Advancing Human Stem Cell-Derived Platforms for Angelman Syndrome Research

Quick Overview

Dr. Albert Keung and Amay Bandodkar presented their research on advancing human stem cell-derived platforms for Angelman Syndrome at the 2022 FAST Science Summit. They discussed their work in engineering new models for Angelman Syndrome research and therapeutic testing using human stem cell models. They highlighted the importance of reflecting the diversity of Angelman Syndrome, using human models, and increasing research speed and throughput. The researchers also introduced their team of students who are actively involved in the research. They discussed specific projects related to large deletions, UPD and ICD, and the use of cerebral organoids for studying the effects of UBE3A absence. They also presented a scalable high-throughput multi-organoid screening platform for drug testing. The researchers expressed their gratitude to FAST for funding and emphasized the impact of their research in recruiting young scientists and attracting additional funding.


In the 2022 FAST Science Summit, Dr. Albert Keung and Amay Bandodkar presented their work on advancing human stem cell-derived platforms for Angelman Syndrome research. Dr. Keung, an associate professor of chemical and biochemical engineering at North Carolina State University, focuses on using synthetic biology approaches to study and treat neuroepigenetic disorders. Dr. Bandodkar, an assistant professor in the Department of Electrical and Computer Engineering at NC State, combines electronics, material science, and biology to understand and develop new sensors and energy devices for studying organoids and drug testing.

The Importance of Student Involvement

Dr. Keung emphasized the importance of their students’ contributions and highlighted their hard work and dedication. The funding provided to their research goes towards supporting these students and nurturing the next generation of Angelman Syndrome researchers.

Reflecting the Diversity of Angelman Syndrome

The research groups led by Dr. Keung and Dr. Bandodkar are focused on addressing three key needs for experimental models in Angelman Syndrome research. The first need is to reflect the diversity of Angelman Syndrome, as different forms of the disorder may respond differently to therapeutics. To achieve this, the researchers are using molecular tools to edit human stem cells and create isogenic cell lines that mimic different forms of Angelman Syndrome. These isogenic cell lines help reduce variability between experiments and facilitate comparisons between researchers and institutions.

Creating Customizable Models

Dr. Begum Yagci, a chemical and biomolecular engineer, explained their approach to studying large deletions in Angelman Syndrome. They are using cell lines obtained from Angelman Syndrome individuals and adding back the genes that are lost in these individuals. To make the platform customizable and easily accessible to the Angelman Syndrome community, they are incorporating a “landing pad” into the cell lines. This landing pad provides a location for the genes of interest to integrate into the cell lines, allowing for the study of multiple genes simultaneously.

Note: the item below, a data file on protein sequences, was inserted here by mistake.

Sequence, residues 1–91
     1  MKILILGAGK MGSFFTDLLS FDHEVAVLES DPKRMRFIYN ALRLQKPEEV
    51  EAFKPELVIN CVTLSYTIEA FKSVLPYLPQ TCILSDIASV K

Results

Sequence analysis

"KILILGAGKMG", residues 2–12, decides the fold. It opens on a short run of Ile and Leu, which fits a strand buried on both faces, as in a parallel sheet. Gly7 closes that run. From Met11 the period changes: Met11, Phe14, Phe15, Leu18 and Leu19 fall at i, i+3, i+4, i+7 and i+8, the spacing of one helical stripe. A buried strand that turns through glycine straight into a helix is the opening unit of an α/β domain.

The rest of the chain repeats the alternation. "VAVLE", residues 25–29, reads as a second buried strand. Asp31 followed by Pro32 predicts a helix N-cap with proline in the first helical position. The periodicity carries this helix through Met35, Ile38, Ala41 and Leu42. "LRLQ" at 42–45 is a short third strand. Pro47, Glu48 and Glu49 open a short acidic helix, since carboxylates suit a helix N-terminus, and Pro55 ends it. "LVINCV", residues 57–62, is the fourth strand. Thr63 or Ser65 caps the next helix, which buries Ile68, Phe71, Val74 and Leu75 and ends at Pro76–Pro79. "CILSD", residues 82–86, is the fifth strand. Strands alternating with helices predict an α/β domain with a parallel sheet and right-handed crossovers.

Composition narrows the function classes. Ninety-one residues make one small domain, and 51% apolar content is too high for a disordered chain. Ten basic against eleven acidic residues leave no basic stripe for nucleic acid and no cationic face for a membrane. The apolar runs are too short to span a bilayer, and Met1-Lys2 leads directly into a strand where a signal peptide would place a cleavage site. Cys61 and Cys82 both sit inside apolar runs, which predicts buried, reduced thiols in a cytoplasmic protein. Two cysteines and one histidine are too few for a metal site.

Modeling UPD and ICD Angelman Syndrome

Tyler Johnson, a chemical engineer, discussed their work on modeling Angelman Syndrome forms characterized by uniparental disomy (UPD) and imprinting center defects (ICD). They are using the landing pad technology and CRISPR-mediated epigenome editing to create cells that mimic UPD and ICD Angelman Syndrome. By studying these models, they aim to understand how these disruptions contribute to the disorder and identify potential therapeutic strategies.

Studying Human Neurons with Cerebral Organoids

Dr. Chris Estridge, a chemical and biomolecular engineer, explained their use of human cerebral organoids to study Angelman Syndrome. Cerebral organoids are 3D microtissues generated from stem cells that model human neurodevelopmental diseases. By applying single-cell RNA sequencing, they can analyze gene expression in individual cells and determine the effects of UBE3A absence and the surrounding genes on different cell types. This approach helps identify affected signaling pathways and cellular processes.

High-Throughput Drug Testing

Dr. Bandodkar discussed the need for high-throughput drug testing platforms to screen multiple drugs and therapeutics simultaneously. They are developing a scalable platform that uses thin and flexible sensors suspended in wells of a 96-well plate, where organoids are grown. These sensors can measure electrical and chemical signals from the organoids, allowing researchers to understand how the organoids respond to different drugs. The platform is designed to be easily integrated with existing technologies and can screen multiple samples continuously over a long period of time.


The research presented by Dr. Keung, Dr. Bandodkar, and their team aims to advance our understanding of Angelman Syndrome and accelerate the development of potential therapeutics. Their work focuses on creating diverse and customizable models, studying human neurons using cerebral organoids, and developing high-throughput drug testing platforms. The involvement of students in their research highlights the importance of nurturing the next generation of Angelman Syndrome researchers.

Talk details

  • Title: Advancing Human Stem Cell-Derived Platforms for Angelman Syndrome Research
  • Author(s): Albert Keung, Amay Bandodkar, Z. Begum Yagci, R. Chris Estridge, Tyler Johnson, Navya Mishra
  • Author(s)’ affiliation: North Carolina State University
  • Publication date: 2022-12-02
  • Collection: 2022 FAST Science Summit